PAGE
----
What have you decided? Are you off to Uni next year? Do you know what you plan on studying for the next 3 plus years? It’s all new and exciting and sometimes it can be a little challenging to navigate.
Geelong Careers Specialist Tanya Derrett-Houghton lends a hand.
If you haven’t decided or if the wheels fell off because VCE didn’t quite go how you expected or perhaps there is a little seed of doubt in your mind, then great.
Great, because you can take the opportunity to make a considered decision and know that even once that decision is made nothing is set in stone – you can still change.
According to the Grattan Institute more than 50,000 students who started university in 2018 will drop out and on average students pay $12000 for an incomplete course. It’s also important to remember that the graduate market is competitive and not everyone will leave university and work in the area they imagined they would or that they studied for.
So, what can you do make it through to the finish line and maximise your opportunities?
Do what you enjoy
Don’t ‘spend’ your ATAR for the sake of it.
Students who are at higher risk of dropping out include those with ATARS over 90. Those with very high ATARS feel more pressure to choose their study based on score. It’s not about what you are capable of, it’s about what you want to do. You absolutely must enjoy what you are studying to remain engaged. It doesn’t matter how academically clever you are, if you don’t enjoy it your motivation will wane. Interest should be one of the primary elements in deciding which course to take. It is ridiculously common and heart breaking to have students come to me in their final or penultimate year and tell me they just couldn’t do it anymore, they didn’t want to finish, they didn’t know how to tell their families, but they couldn’t bare another minute of what they were studying and in fact hadn’t ever enjoyed it.
What’s your WHY?
It’s vital to ask yourself why, and what is it I wish to get out of going to university?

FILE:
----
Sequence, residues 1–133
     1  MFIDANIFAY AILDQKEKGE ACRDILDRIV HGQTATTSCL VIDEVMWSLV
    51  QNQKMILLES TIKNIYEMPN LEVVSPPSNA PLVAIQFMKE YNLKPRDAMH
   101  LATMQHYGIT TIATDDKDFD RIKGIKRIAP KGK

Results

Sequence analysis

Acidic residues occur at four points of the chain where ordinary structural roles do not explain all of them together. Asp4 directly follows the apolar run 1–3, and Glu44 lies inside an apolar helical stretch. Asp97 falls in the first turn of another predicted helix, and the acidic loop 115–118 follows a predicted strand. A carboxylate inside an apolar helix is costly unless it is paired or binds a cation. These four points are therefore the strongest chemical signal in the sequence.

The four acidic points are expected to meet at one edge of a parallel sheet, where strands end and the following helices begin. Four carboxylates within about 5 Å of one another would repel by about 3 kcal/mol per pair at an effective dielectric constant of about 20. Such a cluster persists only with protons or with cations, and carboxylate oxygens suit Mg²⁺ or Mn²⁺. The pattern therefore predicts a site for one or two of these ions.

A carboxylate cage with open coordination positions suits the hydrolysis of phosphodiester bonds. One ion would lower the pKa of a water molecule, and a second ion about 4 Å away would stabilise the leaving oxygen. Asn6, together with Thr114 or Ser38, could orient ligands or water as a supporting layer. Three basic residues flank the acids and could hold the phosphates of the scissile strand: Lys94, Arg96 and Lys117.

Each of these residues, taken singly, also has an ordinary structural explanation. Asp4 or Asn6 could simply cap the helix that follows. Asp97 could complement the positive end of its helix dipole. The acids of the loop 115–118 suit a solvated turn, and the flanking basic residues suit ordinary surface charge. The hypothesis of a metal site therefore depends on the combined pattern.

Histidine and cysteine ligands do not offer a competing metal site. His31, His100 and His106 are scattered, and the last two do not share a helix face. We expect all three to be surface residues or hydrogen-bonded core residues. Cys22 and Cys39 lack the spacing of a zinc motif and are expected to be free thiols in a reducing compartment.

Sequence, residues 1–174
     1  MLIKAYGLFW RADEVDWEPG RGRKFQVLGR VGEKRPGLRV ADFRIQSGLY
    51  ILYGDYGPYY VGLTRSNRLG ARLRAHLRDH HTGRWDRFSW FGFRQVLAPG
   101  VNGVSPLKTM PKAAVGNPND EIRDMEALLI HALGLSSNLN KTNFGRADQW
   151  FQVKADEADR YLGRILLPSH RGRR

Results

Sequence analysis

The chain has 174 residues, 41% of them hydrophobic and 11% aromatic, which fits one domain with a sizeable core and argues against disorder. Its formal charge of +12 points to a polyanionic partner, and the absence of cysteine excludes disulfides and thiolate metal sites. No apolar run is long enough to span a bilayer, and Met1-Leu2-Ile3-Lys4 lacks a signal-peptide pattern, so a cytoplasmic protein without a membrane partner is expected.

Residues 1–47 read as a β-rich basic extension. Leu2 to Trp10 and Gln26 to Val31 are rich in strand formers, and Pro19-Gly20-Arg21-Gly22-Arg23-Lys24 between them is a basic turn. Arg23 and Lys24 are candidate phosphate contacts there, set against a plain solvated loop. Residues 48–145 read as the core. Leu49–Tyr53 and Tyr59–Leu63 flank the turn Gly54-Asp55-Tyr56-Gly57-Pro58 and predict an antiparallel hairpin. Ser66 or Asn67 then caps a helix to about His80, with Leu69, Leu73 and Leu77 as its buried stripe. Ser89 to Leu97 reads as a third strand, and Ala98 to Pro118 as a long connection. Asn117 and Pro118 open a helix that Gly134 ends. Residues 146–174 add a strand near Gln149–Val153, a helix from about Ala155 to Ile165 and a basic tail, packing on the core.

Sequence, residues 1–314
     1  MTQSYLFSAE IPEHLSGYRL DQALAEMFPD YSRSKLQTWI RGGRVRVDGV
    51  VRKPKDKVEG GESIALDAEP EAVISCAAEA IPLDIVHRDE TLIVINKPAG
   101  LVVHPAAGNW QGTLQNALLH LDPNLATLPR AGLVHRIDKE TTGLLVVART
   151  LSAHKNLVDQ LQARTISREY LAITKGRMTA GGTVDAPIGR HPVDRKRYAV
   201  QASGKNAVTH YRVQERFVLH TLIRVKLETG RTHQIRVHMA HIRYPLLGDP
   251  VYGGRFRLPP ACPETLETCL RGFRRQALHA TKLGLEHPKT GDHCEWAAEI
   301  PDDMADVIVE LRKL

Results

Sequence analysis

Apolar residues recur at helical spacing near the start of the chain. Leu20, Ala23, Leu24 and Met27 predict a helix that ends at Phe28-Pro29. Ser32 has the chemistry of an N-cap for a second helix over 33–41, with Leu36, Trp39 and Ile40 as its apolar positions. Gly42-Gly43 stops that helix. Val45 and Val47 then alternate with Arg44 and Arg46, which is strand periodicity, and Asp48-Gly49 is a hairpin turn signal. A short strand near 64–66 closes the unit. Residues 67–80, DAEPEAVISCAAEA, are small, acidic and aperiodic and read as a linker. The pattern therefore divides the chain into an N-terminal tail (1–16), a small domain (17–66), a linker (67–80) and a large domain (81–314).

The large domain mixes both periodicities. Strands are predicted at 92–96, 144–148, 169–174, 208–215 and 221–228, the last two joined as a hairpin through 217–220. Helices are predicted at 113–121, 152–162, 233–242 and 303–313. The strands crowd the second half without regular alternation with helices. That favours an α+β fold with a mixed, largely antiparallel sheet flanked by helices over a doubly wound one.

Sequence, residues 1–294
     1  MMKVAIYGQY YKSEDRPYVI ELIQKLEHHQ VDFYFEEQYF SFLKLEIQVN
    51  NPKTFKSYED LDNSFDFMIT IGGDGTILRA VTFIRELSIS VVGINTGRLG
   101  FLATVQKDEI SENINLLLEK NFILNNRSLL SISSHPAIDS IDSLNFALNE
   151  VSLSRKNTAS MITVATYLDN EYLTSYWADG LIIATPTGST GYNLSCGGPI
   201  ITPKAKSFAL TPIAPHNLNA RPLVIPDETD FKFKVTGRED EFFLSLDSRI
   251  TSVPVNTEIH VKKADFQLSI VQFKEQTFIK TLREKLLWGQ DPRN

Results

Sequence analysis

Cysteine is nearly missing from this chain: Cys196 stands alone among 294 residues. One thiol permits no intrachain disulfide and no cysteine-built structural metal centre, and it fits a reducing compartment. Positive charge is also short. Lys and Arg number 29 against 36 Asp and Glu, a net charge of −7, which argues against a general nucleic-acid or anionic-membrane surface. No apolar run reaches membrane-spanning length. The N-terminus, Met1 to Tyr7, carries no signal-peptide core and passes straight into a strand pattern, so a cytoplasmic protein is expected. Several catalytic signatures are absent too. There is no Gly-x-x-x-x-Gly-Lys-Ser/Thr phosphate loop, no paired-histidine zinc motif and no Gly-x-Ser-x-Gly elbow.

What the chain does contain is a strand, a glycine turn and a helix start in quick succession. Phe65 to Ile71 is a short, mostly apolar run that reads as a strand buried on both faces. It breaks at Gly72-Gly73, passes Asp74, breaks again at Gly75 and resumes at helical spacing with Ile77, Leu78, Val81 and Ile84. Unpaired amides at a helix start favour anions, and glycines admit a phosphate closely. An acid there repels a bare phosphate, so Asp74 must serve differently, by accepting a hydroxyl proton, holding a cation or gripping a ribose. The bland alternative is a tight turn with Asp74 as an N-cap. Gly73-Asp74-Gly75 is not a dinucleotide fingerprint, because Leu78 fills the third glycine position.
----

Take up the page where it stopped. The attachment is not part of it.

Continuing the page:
For many of you, you’ll be imagining it is the start of a satisfying career journey. Good thinking. Education provides the building blocks for work satisfaction no doubt about it. If you are going to university though with the belief that your degree will get you a job and a great salary think again. The graduate market is competitive and youth unemployment is high, yes that includes university graduates. There are some fields that are very difficult to get into, yet the courses are over-subscribed to because they are interesting, but popularity does not translate to outcomes.
Do your research. Yes, you need to enjoy what you do but some courses have better employment outcomes than others. As do some universities. An undergrad in Nursing for instance is far more likely to translate to a graduate full-time position at 80.3% with an average salary of $55K than an undergrad in Psychology where 56% of graduates were able to gain full-time work at an average starting salary of $53K and, let’s be clear, that isn’t necessarily in a field directly related to psychology.
The right Uni for you
Its not just about what course you choose, it’s also about ensuring the institution is right for you too.
What do you need from your university to succeed?